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Manufacturing in NYC is not dead. Here’s the blueprint.

The following insight is from Crain’s.

Crain’s recently reported two statistics that seem unrelated but taken together say something significant about New York City’s future as an engine of opportunity, innovation, and equity.

The first was that manufacturing lost more jobs than initially estimated and now accounts for only 69,000 jobs in the city, or 1.5% of the total. The second was that information jobs grew by 6% to about 200,000.

The combination of a shrinking manufacturing sector and a growing information economy has had a profound impact on New York and cities across the U.S.—driving diverging narratives of opportunity and stagnation.

Is this bifurcation permanent? Only if we continue to think of tech and manufacturing as separate and unequal sectors rather than as synergistic drivers of a new economy for people of all skillsets. This emerging economy is often referred to as the Fourth Industrial Revolution.

The Brooklyn Navy Yard—where the authors of this piece are designing and building an advanced, vertically-integrated flagship factory—has bet big on the Fourth Industrial Revolution. Before we get into our role in this effort, what exactly are we talking about? The World Economic Forum has attempted a description:

The first Industrial Revolution used water and steam power to mechanize production. The second used electric power to create mass production. The third used electronics and information technology to automate production. Now a Fourth Industrial Revolution is building on the third, the digital revolution that has been occurring since the middle of the last century. It is characterized by a fusion of technologies that is blurring the lines between the physical, digital and biological spheres.

We are convinced that if this next phase is to take hold—clearly it has not yet—advanced manufacturers have to completely reinvent the production process, creating a seamless whole. That can only begin in the urban core.

Scientists, designers, machinists, programmers and administration all need to be in one place, working together to imagine, create, iterate and manufacture as efficiently as possible. In an adjacent environment, people with very different skillsets build on each other’s work and expand the shared domain of possibility.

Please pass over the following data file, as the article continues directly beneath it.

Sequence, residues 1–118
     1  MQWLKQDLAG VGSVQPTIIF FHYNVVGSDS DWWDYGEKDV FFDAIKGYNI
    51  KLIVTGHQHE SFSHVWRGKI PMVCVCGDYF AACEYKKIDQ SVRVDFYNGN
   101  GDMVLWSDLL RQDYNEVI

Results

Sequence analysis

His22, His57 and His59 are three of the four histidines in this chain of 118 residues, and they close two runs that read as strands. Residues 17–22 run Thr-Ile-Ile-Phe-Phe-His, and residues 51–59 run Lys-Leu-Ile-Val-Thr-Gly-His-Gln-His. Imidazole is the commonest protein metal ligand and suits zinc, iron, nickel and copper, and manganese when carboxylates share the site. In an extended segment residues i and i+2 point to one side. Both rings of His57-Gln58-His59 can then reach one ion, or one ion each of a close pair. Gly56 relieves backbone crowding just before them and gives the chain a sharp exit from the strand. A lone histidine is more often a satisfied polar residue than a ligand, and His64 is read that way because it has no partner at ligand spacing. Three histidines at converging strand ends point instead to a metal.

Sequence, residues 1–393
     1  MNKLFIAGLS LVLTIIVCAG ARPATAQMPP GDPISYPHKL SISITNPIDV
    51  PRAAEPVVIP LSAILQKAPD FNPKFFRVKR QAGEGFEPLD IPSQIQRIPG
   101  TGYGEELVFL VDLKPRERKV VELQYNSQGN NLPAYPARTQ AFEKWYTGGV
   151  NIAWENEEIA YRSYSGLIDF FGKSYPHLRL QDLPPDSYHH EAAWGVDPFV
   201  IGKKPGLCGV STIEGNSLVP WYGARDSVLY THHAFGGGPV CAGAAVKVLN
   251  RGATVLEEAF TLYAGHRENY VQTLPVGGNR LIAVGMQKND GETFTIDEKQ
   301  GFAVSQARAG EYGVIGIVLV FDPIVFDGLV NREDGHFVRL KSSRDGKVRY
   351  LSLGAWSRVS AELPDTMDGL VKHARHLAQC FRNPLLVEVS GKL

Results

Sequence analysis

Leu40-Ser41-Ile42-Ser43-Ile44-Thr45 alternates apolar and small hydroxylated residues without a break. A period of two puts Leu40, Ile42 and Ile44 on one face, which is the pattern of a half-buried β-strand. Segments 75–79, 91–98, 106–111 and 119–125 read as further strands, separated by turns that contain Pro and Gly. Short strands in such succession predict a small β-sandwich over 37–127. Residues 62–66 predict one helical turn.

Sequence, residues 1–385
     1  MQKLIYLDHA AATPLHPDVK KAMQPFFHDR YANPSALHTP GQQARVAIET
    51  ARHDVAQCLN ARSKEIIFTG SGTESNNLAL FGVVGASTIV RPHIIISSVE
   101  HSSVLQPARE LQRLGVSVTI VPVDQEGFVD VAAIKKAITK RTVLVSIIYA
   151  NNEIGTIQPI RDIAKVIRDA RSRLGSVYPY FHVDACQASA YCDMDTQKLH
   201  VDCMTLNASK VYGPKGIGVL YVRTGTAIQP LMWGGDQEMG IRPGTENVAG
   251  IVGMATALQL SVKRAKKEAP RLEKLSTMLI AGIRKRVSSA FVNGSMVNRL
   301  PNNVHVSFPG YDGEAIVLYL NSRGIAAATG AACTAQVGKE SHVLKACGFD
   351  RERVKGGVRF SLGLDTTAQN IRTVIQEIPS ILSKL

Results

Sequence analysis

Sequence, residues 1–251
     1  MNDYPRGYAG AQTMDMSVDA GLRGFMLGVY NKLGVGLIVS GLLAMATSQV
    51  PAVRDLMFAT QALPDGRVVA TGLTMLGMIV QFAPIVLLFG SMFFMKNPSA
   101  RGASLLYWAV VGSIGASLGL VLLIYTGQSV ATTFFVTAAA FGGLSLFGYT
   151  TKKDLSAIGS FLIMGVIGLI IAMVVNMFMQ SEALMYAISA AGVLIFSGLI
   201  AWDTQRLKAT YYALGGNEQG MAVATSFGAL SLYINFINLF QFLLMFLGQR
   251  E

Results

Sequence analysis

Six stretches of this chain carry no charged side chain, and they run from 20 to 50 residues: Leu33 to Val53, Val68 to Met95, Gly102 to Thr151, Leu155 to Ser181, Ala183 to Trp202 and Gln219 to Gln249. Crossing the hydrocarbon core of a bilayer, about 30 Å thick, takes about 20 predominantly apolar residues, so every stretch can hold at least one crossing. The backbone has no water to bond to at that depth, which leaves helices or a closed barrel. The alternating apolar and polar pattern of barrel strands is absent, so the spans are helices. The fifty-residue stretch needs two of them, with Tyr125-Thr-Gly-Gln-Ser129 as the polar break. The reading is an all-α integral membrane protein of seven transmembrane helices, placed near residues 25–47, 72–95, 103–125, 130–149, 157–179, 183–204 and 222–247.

Change must also begin in cities because building infrastructure for the Fourth Industrial Revolution cannot be done from scratch. It already takes too long for new technologies to move from the idea phase to production. Repurposing long-standing infrastructure in places like the Navy Yard manages fixed costs while providing the flexibility to scale up.

Our site, Building 20, is a case in point. This is where wooden ships were armored after the Civil War, the high-tech industry of its day. By the end of this year, Building 20 will look pretty much the same from the outside but the output will be the most advanced factory inspection and control tools for manufacturers in any industry. As we like to say, to build the future you need to see it.

So how do you create a space that works for all of these different people, where an idea can move seamlessly from inception to design, and from engineering to manufacturing? People at every phase of this process need spaces to work and to mix. Invention cannot be relegated to a back room; it must rejoin the factory floor. The process and the final product are integrally related. This is the definition of the Fourth Industrial Revolution in its truest sense: erasing the borders between hard and soft labor, physical and digital spheres.

We can’t predict all of the innovations that will come out of this revolution, but we know they will be produced in a cleaner, faster, less resource-intensive way. A single industry underpinning an entire community with a linear, monotonous, arduous assembly line is no longer viable. Only a constellation of creative, hybrid spaces will revive urban manufacturing. We also know the foundational infrastructure has to come first.

Building 20 was designed to construct ships, but its foundation existed before the U.S. Navy. No one could imagine creating a Navy fleet without a space to build the first ships. A thriving city is the infrastructure of innovation. Vast industrial change begins in the urban core. For the next Industrial Revolution to flourish, we need to build its footing today, surrounded by the legacy of the past.

Read the full article in Crain’s.